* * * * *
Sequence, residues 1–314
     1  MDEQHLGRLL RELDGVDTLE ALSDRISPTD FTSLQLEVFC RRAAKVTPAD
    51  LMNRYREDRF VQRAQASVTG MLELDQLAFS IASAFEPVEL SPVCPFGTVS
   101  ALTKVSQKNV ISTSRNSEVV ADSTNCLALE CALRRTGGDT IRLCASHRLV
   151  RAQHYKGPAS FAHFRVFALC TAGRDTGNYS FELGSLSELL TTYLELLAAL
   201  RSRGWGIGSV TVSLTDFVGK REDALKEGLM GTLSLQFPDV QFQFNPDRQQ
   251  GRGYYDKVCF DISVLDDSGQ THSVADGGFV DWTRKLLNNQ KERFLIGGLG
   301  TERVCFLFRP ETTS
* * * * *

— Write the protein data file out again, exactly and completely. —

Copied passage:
Sequence, residues 1–314
     1  MDEQHLGRLL RELDGVDTLE ALSDRISPTD FTSLQLEVFC RRAAKVTPAD
    51  LMNRYREDRF VQRAQASVTG MLELDQLAFS IASAFEPVEL SPVCPFGTVS
   101  ALTKVSQKNV ISTSRNSEVV ADSTNCLALE CALRRTGGDT IRLCASHRLV
   151  RAQHYKGPAS FAHFRVFALC TAGRDTGNYS FELGSLSELL TTYLELLAAL
   201  RSRGWGIGSV TVSLTDFVGK REDALKEGLM GTLSLQFPDV QFQFNPDRQQ
   251  GRGYYDKVCF DISVLDDSGQ THSVADGGFV DWTRKLLNNQ KERFLIGGLG
   301  TERVCFLFRP ETTS